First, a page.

ILLINOIS APPELLATE COURT — FIRST DISTRICT (4TH DIVISION) REVERSED AND REMANDED.
OPINION FILED SEPTEMBER 4, 1980.
A-Z EQUIPMENT COMPANY, PLAINTIFF-APPELLANT,
KENNETH MOODY, D/B/A KEN MOODY MASONRY COMPANY, DEFENDANT-APPELLEE.
APPEAL from the Circuit Court of Cook County; the Hon. FRANK
G. SULEWSKI and the Hon. MEYER H. GOLDSTEIN, Judges, presiding.
MR. PRESIDING JUSTICE LINN DELIVERED THE OPINION OF THE COURT:
Plaintiff, A-Z Equipment Company, appeals from an order of the circuit court quashing service of summons and vacating a default judgment, entered against defendant, Kenneth Moody, d/b/a Ken Moody Masonry Company. In this appeal, plaintiff contends that the service of summons on the Ken Moody Masonry Company was, in fact, valid service of process on Kenneth Moody, the real party in interest doing business as the Ken Moody Masonry Company and that the trial court lacked jurisdiction to grant such relief since the aforesaid motion was filed in excess of 30 days after judgment. Defendant has filed no brief in this matter, but we shall consider the merits of plaintiff's position. First Capitol Mortgage Corp. v. Talandis Construction Corp. (1976), 63 Ill.2d 128, 345 N.E.2d 493.
On February 1, 1979, plaintiff filed suit against the Ken Moody Masonry Company in order to recover payment of rentals due on certain leased equipment and damages resulting from defendant's conversion of this equipment. *fn1 The summons and complaint refer to defendant only as the Ken Moody Masonry Company. Neither indicated that defendant was a corporation, partnership or sole proprietorship. The summons directed the sheriff to serve defendant at 14021 Reeves Street, Robbins, Illinois. On February 6, 1979, the deputy sheriff made the following return of service:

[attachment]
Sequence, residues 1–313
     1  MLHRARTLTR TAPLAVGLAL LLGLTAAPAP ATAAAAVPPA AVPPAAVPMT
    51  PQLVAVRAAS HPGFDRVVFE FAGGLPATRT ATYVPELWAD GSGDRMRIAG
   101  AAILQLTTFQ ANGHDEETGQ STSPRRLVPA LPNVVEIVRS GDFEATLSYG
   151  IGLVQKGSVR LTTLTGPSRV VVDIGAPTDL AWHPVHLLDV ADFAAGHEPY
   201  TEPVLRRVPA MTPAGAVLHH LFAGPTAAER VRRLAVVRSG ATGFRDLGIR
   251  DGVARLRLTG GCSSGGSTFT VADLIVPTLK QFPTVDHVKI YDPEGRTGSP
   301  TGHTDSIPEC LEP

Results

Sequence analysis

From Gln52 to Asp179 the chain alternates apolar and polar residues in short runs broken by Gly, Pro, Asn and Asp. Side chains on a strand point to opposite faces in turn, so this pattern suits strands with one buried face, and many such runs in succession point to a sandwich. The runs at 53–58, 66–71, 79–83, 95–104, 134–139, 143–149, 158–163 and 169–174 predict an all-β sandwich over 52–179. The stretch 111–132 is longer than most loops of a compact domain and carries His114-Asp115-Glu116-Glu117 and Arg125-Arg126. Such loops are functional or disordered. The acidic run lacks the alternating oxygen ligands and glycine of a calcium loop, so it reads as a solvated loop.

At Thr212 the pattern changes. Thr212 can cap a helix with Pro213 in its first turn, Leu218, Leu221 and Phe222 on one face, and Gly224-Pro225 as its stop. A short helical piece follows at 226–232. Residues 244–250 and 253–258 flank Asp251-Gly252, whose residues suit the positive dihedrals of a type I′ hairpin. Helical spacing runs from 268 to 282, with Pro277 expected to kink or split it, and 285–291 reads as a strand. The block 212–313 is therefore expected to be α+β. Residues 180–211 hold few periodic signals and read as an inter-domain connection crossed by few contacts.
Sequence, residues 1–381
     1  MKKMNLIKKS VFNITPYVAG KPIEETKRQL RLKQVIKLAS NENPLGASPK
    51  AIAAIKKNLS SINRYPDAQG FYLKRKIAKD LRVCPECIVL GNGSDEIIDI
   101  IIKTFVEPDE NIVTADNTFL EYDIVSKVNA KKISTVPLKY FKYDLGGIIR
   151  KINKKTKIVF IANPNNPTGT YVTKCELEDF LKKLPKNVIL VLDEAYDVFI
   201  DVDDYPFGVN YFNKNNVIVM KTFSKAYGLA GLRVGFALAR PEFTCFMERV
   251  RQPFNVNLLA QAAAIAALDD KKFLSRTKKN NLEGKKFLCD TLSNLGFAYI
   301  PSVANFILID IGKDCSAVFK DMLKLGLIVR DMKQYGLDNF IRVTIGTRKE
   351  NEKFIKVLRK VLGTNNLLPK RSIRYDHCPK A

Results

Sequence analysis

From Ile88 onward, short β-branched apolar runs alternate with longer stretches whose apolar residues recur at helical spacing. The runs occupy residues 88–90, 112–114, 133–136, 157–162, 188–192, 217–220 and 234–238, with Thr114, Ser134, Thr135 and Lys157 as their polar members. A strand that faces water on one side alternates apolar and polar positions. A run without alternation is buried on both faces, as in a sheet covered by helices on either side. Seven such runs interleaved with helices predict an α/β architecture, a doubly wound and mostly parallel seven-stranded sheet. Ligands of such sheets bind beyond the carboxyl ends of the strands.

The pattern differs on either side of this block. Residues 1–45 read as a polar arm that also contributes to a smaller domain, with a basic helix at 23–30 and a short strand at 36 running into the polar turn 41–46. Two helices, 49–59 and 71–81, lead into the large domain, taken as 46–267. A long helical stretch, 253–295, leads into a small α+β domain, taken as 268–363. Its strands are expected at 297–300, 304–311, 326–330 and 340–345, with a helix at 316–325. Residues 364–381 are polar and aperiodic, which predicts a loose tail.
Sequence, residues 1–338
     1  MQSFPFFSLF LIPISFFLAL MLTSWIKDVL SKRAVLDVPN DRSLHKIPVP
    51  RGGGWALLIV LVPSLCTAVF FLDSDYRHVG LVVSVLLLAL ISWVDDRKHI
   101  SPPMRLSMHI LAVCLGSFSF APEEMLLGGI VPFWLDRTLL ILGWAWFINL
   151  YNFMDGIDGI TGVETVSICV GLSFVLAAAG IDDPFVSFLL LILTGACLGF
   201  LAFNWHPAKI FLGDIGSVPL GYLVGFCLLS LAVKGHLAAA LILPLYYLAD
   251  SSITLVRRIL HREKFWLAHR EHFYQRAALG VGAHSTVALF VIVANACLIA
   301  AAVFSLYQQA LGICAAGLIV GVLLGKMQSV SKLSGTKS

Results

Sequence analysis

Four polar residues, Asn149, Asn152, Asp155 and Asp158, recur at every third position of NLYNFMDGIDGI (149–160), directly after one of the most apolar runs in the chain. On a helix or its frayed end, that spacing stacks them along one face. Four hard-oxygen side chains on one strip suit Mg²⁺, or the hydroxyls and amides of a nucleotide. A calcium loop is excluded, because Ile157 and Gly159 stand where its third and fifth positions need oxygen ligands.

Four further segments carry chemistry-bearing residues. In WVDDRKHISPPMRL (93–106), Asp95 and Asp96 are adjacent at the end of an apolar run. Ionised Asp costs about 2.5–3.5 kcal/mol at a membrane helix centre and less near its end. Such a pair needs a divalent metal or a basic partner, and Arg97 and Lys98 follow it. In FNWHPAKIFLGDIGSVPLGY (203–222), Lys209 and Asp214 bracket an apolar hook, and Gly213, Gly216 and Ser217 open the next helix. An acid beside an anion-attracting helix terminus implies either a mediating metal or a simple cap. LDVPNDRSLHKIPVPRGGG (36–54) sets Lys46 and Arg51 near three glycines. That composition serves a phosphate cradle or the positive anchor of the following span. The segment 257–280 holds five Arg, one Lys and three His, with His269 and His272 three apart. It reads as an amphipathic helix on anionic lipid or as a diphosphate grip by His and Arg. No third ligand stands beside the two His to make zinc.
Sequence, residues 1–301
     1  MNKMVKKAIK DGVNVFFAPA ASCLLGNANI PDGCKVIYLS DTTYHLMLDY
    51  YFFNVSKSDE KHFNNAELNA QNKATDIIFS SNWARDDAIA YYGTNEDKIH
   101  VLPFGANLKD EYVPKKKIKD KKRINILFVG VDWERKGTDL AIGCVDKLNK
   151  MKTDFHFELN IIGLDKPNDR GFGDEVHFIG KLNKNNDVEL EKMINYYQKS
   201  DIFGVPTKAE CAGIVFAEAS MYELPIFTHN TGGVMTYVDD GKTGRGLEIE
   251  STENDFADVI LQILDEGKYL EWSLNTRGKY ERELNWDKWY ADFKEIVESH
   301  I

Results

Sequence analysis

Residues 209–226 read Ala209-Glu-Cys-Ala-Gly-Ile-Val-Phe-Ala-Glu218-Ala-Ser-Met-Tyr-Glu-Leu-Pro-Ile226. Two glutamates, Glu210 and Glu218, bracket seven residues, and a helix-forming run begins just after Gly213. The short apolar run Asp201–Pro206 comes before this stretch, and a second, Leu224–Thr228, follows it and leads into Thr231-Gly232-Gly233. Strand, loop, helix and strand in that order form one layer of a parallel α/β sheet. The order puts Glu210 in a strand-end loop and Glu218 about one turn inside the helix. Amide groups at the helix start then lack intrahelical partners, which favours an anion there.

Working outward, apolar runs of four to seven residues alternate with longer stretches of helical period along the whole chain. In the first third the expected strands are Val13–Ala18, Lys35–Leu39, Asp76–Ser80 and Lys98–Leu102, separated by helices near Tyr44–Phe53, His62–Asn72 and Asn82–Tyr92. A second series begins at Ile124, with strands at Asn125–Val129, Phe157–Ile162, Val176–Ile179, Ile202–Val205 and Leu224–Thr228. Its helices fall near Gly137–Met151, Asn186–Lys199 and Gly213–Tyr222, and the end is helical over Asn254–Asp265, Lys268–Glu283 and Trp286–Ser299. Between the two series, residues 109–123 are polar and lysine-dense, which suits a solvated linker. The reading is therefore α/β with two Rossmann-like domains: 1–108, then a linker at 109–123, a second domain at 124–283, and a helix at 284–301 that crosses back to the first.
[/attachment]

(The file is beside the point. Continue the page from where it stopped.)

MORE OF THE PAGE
"I have duly served the within writ upon the within named defendant Ken Moody Masonry Co. a corporation, * * *, by leaving a copy thereof with Sec on Duty Agent RICHARD J. ELROD, Sheriff, by Leatherwood Deputy."
On February 23, 1979, an order of default based on personal service was entered against defendant for failure to appear or plead in response to the complaint. On April 4, 1979, this default order was vacated on plaintiff's motion for leave to file an amended complaint in order to amend the ad damnum in both counts. According to plaintiff, and as supported by the memorandum of orders contained in the record, Kenneth Moody appeared at this time in court, and defendant was given 28 days to file an answer to the complaint. Once again, defendant failed to file an appearance and answer to the complaint, and a default judgment in the amount of $2,358.80 was entered against defendant on May 23, 1979.
Subsequent to the entry of this order, it was discovered that defendant was not a corporation but a sole proprietorship, owned and operated by Kenneth Moody. On June 22, 1979, plaintiff made a motion, with notice to Kenneth Moody in care of Ken Moody Masonry Company at the above-described address, to modify and amend the judgment entered on May 23, 1979, so that it would read against "defendant, Kenneth Moody d/b/a Ken Moody Masonry Company * * *." This motion was granted by the trial court and the order, regarding this motion, states as follows: